Race for the White House: No Laughing Matter

Political Ads Need More Humor to Reach Voters

By Published on .

Evan Tracey Evan Tracey
I never thought I would miss Bill Richardson. This campaign season is truly lacking in the humor department. Suddenly I find myself nostalgic for last summer, when Gov. Richardson filled Iowa airwaves with his clever, self-deprecating job-interview ads. Since Richardson's exit from the race, ads feature nothing but ominous and forlorn messages about the economy, health care, cost of energy and other humdrum topics. And with almost $250 million spent on these ads, only one thing stands out: no laughs!

The most successful political ads make emotional connections. Too often, campaign ad gurus rely on fear, anxiety and anger to connect with voters. The rule at play here is it's easier to motivate by fear than by love. But using a little humor never hurts. It's a great way to point out an opponent's weaknesses, or better yet, to poke fun at a personal shortcoming. (Imagine if John Edwards had run an ad promising that he'll put at least as much time into the economy every day as he puts into his hair!) Humor also is an important tool for changing the tone of a race that has become too negative or serious due to inevitable accusations and counterattacks. In other words, throw a change-up instead of only fastballs.

With such serious subjects as race, age and gender woven into the 2008 campaign, clearly one of the campaigns should get a jump on the gang from "Saturday Night Live" and and stir up some laughs themselves. I understand that with wars in Iraq and Afghanistan, $4-per-gallon gas, home sales on the decline and food costs rising faster than Sen. Obama's internet fundraising totals, there's little (tasteful) comedic material to be had. But there's just as much material in our social matrix that warrants a little fun and games.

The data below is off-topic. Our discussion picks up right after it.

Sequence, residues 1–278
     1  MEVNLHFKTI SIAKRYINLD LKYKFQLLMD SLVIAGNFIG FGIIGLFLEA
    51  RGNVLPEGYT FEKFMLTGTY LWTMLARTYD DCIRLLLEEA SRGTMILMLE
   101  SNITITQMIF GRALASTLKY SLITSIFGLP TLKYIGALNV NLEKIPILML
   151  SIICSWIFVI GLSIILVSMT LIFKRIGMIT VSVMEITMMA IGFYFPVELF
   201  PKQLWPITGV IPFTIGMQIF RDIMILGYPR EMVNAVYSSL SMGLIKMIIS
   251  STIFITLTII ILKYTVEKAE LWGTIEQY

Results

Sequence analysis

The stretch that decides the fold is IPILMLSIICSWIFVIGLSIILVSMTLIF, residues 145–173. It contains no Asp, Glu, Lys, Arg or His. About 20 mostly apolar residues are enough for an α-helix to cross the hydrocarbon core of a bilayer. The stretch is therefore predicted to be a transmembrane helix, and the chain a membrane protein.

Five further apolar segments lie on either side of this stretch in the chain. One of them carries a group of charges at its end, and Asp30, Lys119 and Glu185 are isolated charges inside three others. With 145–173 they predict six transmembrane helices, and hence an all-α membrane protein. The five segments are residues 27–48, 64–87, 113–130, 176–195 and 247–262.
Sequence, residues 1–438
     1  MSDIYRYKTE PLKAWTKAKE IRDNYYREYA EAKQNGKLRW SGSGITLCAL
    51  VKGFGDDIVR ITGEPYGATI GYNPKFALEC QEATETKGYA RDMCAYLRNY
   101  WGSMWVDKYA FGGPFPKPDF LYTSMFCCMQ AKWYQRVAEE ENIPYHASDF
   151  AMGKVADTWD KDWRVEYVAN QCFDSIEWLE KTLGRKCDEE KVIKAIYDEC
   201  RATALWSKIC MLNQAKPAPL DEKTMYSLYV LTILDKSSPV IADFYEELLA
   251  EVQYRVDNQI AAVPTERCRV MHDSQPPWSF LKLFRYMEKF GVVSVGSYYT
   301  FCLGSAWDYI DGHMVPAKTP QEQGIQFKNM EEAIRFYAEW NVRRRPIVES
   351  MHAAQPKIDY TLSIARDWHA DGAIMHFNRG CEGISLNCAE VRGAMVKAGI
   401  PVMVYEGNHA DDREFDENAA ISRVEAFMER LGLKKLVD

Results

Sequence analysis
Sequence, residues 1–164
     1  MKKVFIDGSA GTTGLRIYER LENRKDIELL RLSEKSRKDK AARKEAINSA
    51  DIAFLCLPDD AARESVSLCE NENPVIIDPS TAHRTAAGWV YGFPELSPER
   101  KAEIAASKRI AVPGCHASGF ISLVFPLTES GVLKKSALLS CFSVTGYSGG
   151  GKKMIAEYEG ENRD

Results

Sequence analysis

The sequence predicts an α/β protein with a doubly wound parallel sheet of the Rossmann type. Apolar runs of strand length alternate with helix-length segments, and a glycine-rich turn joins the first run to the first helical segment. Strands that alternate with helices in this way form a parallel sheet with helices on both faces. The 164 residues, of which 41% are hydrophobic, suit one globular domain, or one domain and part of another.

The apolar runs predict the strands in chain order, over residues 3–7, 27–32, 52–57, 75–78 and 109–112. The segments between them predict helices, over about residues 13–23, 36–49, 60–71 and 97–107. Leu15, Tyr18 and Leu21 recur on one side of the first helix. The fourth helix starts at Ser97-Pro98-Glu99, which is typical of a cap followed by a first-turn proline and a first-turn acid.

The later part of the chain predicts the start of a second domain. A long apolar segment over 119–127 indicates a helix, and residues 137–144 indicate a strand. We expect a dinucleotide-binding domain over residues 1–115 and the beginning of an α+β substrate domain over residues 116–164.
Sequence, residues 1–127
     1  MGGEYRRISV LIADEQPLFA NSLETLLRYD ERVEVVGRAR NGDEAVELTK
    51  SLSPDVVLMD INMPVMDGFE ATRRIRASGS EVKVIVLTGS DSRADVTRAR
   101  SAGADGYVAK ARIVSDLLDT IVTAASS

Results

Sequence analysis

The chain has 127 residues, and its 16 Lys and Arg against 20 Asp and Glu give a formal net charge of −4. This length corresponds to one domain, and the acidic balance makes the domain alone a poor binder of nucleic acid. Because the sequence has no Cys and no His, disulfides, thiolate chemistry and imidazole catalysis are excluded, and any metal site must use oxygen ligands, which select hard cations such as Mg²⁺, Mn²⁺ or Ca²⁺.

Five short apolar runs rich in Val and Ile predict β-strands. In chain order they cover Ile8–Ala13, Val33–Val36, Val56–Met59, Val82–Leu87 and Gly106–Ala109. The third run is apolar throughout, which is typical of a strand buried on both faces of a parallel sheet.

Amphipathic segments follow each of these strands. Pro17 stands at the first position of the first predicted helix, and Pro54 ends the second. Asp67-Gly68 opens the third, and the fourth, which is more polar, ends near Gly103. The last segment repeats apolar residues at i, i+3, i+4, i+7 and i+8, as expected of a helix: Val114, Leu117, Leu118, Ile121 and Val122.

Surely one of the campaigns would have jumped on the candidates' self-imposed gaffes -- talk of dodging sniper fire, clinging to guns and God -- by now in such a way that would make us all chuckle. Instead, we're offered video excerpts of speeches and rallies, stock footage of windmills, solar panels and gas station placards and the typical, dull endorsement ad. No laughs to be found!

Here's my unsolicited advice for Republicans this fall: The GOP brand is in bad shape right now, so don't shy away from poking fun at yourselves. Voters may just get the joke and give a few of your candidates the benefit of the doubt. As for the Democrats, you're loaded with lots of good material this election year. Perhaps the biggest challenge will be to avoid public perception that you are one big, unfair bully. The key to success will be injecting a bit of humor in clever ads to get your point across.

As the campaigns pivot toward the general election, it is my one wish that they will embrace humor when producing their final rounds of ads. Stakes are high, but don't forget the average American voter would rather laugh than cry.

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Evan Tracey is the founder and chief operating officer of Campaign Media Analysis Group, a TNS Media Intelligence company. See his complete bio.
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